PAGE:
Protect Don’t Detect: New reporting rules for banks illustrate escalating cyber security risks

Starting May 1, 2022, banks will be required to report ‘computer security incidents’ within 36 hours that are deemed ‘significant’ — meaning disruptive to the business or otherwise damaging, according to new rules from federal regulators.

The rules include incidents like a large-scale distributed denial of service attack or a computer hacking incident that disables banking operations. It is believed that notifying regulators will help “promote early awareness” of emerging threats to individual organizations and the broader system and also help speed response time before the issue turns systemic. (Rules requiring banks to develop and implement response plans in cases of unauthorized access to sensitive customer information have been in place since 2005.)

The new rules will likely benefit government watchdogs seeking a better handle on cyber threats as they evolve and grow. In theory, they’ll be able to leverage the information to protect other banks and the broader financial system. And that’s not a bad thing. 

But it won’t help the individual bank or similar business much, at least in the short term, because the problem here is not lack of attention. Like every other sector operating in the modern digital world, banks are already on high alert. 

And while that 36-hour time frame sounds speedy, consider this: it takes businesses and other organizations an average of 197 days to even detect a security breach, according to IBM — and another 69 days on average to contain it. The longer a breach goes unaddressed, the bigger the impact — and the more it costs to recover. 

Not surprisingly, the average cost of a data breach has continued to climb, and is now estimated at $4.24 million — the highest average cost in 17 years. For the financial sector, the average is considerably higher, at $5.72 million. And that doesn’t include what it costs a firm in terms of reputation and customer trust, which are difficult to quantify. Breaches are a PR nightmare, no matter how strong the contingency plan. 

The upshot is this: the detect-and-respond approach to cyber security is failing — and not for lack of trying. All the more reason to prevent breaches in the first place.  To avoid the whole mess entirely.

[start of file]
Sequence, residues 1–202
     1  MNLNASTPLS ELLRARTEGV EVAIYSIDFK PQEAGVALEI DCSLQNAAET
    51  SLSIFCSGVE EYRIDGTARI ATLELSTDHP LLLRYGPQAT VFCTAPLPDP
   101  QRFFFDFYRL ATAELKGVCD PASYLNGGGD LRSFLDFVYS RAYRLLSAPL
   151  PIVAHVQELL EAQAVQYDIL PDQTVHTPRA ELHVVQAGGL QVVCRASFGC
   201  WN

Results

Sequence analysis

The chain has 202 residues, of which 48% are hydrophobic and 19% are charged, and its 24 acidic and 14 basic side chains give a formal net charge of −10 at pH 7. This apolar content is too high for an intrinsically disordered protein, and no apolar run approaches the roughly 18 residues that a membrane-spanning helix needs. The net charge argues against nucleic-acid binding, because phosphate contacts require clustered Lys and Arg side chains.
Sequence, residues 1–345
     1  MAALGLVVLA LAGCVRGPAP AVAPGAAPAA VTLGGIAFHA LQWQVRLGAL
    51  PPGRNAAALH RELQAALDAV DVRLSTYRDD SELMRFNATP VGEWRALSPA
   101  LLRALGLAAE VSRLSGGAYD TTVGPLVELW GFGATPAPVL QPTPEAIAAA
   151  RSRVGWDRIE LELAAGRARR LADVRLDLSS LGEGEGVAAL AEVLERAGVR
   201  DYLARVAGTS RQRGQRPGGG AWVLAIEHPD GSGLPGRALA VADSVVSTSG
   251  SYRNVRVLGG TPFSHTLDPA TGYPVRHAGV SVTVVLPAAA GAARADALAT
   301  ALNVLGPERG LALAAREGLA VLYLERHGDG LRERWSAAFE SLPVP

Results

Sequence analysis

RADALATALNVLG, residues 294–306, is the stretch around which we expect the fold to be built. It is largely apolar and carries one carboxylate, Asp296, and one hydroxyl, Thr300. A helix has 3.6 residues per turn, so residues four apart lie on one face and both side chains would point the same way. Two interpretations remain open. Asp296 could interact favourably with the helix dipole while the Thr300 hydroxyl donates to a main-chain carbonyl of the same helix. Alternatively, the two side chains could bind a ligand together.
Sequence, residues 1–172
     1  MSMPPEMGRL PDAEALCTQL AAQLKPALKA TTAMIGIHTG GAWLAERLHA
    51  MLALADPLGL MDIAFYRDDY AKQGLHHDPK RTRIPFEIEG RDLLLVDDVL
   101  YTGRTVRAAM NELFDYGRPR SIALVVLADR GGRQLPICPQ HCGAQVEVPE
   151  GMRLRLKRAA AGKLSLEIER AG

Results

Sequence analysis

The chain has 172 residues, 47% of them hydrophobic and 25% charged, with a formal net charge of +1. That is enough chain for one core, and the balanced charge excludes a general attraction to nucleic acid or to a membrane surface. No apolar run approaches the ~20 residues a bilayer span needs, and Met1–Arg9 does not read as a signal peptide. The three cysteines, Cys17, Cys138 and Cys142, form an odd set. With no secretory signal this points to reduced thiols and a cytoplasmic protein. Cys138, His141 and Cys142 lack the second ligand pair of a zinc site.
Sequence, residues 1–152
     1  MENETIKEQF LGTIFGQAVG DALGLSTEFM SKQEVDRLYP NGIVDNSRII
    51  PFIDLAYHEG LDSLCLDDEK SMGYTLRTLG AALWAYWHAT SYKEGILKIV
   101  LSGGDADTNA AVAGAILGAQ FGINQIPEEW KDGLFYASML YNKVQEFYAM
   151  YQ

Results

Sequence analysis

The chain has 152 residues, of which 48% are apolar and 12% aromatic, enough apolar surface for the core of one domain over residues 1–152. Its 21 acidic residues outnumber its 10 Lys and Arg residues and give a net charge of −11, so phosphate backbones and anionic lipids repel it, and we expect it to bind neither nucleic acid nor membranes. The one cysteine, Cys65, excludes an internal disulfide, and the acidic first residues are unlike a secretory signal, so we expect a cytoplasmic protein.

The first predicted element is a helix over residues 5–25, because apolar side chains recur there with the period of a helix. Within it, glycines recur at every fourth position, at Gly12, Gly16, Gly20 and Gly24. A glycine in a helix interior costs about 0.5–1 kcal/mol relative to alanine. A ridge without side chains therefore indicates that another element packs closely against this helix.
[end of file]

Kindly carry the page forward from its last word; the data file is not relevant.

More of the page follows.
At Blue Ridge, our motto is protect, don’t detect. Our AppGuard and LinkGuard solutions essentially cloak network assets and data-in-transit to eliminate the risk of breach and also protection lag from unknown vulnerabilities. 

Gartner projects that by 2025, 30% of critical infrastructure organizations will experience a security breach that will bring their operations to a halt. Organizations that embrace an integrated ‘cyber-physical’ approach will be better protected than those that continue to approach their cyber security piecemeal as they expand their security measures. 

Blue Ridge is all about IT/OT convergence. With our solutions, you are fully protected from external discovery and data exfiltration “pre-incident” — eliminating dependency on discovery or response to a network compromise after the fact. Our solutions deploy easily and compatibly with existing and future IT and OT infrastructure, reducing integration complexity and costs. They can be easily tailored to resiliently protect a wide range of use cases without disruption to critical operations. 


Banks, like every modern business, have both physical and digital assets to protect and that share bandwidth. Blue Ridge’s approach is to isolate, say, a bank’s security cameras from the rest of the bank’s network to prevent a lateral attack. By segmenting, OT and IT systems are protected in separate enclaves. 


In well over 20 years of service to our customers, there have been no reported breaches of our solutions — ever. 


Learn more about what Blue Ridge can do for you and your business at


Zero Breach for Zero Trust. Blue Ridge Networks.